Mailchimp will allow you to have up to 2,000 email addresses before they start charging you for their service. Be warned, however, Mailchimp just upgraded their policy to include “unsubscribed” addresses in your list towards that number. So you’re going to want to watch that. You can be pretty happy using their free service for a long time, however, until you get to those higher numbers. It’s a good place to learn the ins and outs of creating newsletters and has some nice automated features and schedulers, as well as a fairly intuitive user-interface for creating nice-looking newsletters. Once you get above 2,000 subscribers, however, it gets pricey FAST.

Mailerlite will allow you to have up to 1,000 email addresses before they start charging. They are slightly less expensive than Mailchimp, and I find their user-interface to be even easier to use and navigate than Mailchimp’s. However, they have a “unique subscribers” clause per month, so if you send out an email to say, 700 subscribers and 50 of them unsubscribe, and you then manage to add 350 new subscribers, you cannot send all 350 new subscribers a welcome email until that 30-day period is over, because you would have sent an email to more than 1,000 unique subscribers in that period. Yay, math!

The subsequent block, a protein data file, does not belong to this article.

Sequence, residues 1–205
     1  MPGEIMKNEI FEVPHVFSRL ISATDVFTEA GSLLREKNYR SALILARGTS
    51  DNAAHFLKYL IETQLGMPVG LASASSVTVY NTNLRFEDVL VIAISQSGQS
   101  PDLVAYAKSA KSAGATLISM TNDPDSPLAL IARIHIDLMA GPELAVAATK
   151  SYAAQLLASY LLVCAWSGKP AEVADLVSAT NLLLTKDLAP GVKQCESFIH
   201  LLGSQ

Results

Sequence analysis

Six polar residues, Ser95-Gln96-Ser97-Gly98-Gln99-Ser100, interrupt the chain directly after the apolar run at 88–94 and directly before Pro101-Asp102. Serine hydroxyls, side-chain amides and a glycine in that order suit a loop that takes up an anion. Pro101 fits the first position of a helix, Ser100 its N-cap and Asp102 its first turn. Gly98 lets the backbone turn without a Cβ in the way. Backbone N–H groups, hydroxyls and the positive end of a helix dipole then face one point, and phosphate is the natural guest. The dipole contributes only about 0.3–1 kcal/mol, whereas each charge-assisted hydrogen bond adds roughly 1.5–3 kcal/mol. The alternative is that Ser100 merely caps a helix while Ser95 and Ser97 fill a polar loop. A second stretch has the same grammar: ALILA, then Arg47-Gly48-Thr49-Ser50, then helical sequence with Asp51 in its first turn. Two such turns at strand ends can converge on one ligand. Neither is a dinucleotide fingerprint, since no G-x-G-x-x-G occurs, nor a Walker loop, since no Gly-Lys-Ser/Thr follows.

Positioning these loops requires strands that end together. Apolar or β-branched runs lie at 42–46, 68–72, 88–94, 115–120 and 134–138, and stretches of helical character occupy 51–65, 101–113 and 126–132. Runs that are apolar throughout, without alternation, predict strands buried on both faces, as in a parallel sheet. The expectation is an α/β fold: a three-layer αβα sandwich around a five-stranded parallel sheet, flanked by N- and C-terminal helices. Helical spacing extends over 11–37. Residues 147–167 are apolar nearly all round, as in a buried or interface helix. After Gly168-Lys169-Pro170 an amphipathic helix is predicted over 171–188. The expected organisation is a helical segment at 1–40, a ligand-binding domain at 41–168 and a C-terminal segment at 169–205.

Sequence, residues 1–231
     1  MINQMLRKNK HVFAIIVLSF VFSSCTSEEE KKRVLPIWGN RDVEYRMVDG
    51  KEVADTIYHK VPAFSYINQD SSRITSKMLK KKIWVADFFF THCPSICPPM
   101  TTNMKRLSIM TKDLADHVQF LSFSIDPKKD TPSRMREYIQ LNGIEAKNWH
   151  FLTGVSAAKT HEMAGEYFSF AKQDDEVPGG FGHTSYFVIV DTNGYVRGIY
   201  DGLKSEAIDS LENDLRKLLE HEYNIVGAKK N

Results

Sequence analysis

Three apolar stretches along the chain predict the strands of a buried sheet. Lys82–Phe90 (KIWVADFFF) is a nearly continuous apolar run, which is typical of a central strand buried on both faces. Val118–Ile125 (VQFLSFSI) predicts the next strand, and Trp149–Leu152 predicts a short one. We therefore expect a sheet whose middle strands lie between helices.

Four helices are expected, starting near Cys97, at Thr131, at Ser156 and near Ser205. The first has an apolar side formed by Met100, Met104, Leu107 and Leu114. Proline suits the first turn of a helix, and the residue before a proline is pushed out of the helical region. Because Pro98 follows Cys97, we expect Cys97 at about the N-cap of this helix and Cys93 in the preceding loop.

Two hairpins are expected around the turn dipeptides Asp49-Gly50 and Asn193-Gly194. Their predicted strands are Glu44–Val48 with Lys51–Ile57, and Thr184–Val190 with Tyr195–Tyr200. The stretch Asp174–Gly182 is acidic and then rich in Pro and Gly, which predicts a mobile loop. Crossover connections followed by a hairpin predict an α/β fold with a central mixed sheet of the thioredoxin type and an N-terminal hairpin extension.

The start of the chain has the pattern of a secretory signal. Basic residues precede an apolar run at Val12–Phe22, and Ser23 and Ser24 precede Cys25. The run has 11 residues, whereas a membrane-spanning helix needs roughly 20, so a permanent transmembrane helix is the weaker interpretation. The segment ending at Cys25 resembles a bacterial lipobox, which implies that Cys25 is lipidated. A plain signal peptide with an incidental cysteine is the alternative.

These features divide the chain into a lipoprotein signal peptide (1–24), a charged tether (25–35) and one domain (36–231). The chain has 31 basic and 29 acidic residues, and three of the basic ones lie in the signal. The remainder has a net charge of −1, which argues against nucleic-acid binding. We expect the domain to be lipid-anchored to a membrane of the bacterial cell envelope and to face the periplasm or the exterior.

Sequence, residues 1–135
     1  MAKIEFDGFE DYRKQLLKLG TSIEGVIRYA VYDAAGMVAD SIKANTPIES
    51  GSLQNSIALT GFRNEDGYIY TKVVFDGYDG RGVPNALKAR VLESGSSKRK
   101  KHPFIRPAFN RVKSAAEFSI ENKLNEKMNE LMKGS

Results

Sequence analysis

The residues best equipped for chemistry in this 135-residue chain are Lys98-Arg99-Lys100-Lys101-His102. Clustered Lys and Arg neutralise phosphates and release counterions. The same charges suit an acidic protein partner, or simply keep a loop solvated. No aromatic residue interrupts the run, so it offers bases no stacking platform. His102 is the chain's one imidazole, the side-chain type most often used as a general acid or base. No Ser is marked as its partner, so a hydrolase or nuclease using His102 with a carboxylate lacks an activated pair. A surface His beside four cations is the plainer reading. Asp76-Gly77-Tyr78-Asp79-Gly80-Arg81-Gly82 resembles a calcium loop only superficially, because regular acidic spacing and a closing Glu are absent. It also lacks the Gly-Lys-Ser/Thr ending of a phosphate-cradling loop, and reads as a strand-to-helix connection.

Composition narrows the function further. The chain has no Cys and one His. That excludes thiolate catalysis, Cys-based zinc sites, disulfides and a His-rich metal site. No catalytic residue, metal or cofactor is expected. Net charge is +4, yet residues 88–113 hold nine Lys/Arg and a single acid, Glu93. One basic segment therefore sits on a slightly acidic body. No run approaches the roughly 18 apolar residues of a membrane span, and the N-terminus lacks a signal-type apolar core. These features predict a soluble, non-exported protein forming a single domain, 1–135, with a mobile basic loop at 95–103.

Both of these options have some handy analytics and you can see who is opening your emails, who is clicking on the links inside your emails, etc, etc. You can also go through and weed out people (like myself) who haven’t opened any of your last 5/10/20 emails. (Or send them a note asking if they want to stick around).

Sendy is an option that I am currently looking into, because I’m about to outgrow my free category in both of the above services, and my writing career does not yet support the ability to spend upwards of $50/month on emails. I’ve heard some good things about this from an author I know who uses it and the price of only $1/10,000 emails is pretty tempting. I haven’t used this one myself, but I’ll keep you posted if I switch over on how it compares with regards to ease-of-use.

A couple of “good to know” things up front: 1) most of these will only let you use their service if you have a self-hosted domain email address. You can’t use a gmail or yahoo address, you have to have an @domainnameyouown and 2) they will require that you include your physical mailing address. If you are uncomfortable with handing out your physical address you have 2 options: 1) don’t have a newsletter, or 2) get a PO box and use that.